Cats leapfrog Mags for cash

Niall Quinn
Niall Quinn
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SUNDERLAND AFC have jumped above Newcastle in football’s financial rich list.

Newcastle’s catastophic relegation from the Barclays Premier League the season before last was the big factor in the Black Cats leapfrogging their bitter rivals.

It saw the Wearsiders grow their squad, while the Magpies were forced to try to balance their books, says the latest analysis of football finances from accountants Deloitte.

Newcastle had no relegation clauses in their player’s contracts, leaving the club saddled with a Championship squad on Premiership wages.

The Magpies saw revenues tumble while their wage bill remained constant, leaving a black hole in the club’s finances for the 2009-10 season, while the Black Cats’ top flight survival meant the club retained the massively superior Premier League TV money.

Deliotte estimates Newcastle was the 20th biggest club in the world in financial terms in the 2008/9 season, with Sunderland ranked somewhere between 30 and 40.

But Sunderland retaining Premier League status meant the club remained steady in the financial rankings, while Newcastle tumbled to somewhere between 40th and 50th.

The Premier League’s three-year £2.8billion broadcasting rights deal was worth a minimum of £38.8million to top flight clubs in the 2009-10 season. Even the biggest Championship clubs receive a fraction of that.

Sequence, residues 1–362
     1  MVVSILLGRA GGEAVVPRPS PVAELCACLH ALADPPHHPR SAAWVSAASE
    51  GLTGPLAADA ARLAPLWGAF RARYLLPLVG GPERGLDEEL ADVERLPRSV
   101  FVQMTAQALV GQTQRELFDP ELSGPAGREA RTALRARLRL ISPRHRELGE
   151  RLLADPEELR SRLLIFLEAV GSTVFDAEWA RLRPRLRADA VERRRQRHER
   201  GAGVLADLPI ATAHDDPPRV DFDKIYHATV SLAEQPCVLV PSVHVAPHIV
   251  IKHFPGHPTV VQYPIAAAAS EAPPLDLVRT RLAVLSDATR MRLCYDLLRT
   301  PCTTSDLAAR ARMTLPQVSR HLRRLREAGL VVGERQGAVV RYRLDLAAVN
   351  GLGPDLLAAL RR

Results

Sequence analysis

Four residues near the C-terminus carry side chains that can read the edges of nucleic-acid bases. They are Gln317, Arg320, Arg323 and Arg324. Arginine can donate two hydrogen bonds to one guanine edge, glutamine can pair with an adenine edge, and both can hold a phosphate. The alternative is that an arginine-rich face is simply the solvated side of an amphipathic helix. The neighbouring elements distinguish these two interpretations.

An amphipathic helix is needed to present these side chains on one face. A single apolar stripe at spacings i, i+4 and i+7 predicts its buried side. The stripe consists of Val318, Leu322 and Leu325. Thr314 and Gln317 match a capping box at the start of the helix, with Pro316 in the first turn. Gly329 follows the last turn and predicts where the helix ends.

The importance of Sunderland retaining their Premier League status – and of Newcastle regaining it at the first time of asking – is emphasised by the scale of the new deal, which will see top flight clubs sharing £3.6billion over the next three seasons.

Today’s report highlights the sheer amount of money in European football, with the Premier League’s massive riches still not enough to secure a top five finish in the financial top flight.

Barcelona are ranked the world’s richest side, with reported revenue of £178.1million for the 2008-9 season – almost three times more than Sunderland’s £64million.

Madrid, Inter Milan, AC Milan and Juventus make up the rest of the top five, with Manchester United’s £128million revenue only enough to secure the Red Devils sixth place, ahead of Arsenal, Chelsea and Liverpool and then Bayern Munich in tenth place.

And because the league measures revenue, rather than available funds, Manchester City can only manage 14th place, despite the club’s seemingly bottomless pockets.

Premier League sides made up eight of the top 20, with TV cash from Fulham’s Europa League adventure enough to see the Cottagers pinch Newcastle’s 20th place, with revenue of £62million.

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